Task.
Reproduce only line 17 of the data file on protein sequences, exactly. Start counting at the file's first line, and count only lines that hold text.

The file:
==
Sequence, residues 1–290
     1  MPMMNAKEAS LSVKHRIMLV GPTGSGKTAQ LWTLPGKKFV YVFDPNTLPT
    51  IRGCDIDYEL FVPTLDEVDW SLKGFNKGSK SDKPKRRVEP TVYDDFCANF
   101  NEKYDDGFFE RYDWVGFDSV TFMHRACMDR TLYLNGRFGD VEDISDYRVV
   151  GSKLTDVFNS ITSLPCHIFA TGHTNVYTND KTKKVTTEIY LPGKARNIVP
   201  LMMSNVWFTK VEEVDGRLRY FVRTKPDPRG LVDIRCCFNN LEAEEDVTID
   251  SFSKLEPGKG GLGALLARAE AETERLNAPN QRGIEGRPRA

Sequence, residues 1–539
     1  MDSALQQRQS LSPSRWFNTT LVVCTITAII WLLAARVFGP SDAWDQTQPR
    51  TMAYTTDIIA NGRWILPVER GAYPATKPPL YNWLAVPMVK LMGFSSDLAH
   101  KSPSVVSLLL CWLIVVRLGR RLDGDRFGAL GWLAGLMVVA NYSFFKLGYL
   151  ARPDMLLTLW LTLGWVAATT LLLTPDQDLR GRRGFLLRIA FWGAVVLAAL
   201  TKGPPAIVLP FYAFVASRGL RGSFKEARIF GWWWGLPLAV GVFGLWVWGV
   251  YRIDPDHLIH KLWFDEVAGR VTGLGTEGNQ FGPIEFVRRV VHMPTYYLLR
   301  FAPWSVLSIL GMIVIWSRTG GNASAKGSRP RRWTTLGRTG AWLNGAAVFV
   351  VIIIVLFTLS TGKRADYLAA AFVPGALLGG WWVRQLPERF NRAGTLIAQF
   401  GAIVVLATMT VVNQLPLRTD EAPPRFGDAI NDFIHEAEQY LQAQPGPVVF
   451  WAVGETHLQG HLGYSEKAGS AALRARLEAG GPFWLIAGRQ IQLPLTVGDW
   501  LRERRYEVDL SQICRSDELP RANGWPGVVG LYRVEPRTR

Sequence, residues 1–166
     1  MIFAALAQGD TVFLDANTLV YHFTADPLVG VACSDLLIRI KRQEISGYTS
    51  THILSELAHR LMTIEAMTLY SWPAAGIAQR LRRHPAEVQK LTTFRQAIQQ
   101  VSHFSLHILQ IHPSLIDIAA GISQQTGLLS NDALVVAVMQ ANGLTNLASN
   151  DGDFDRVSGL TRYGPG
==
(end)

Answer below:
   401  GAIVVLATMT VVNQLPLRTD EAPPRFGDAI NDFIHEAEQY LQAQPGPVVF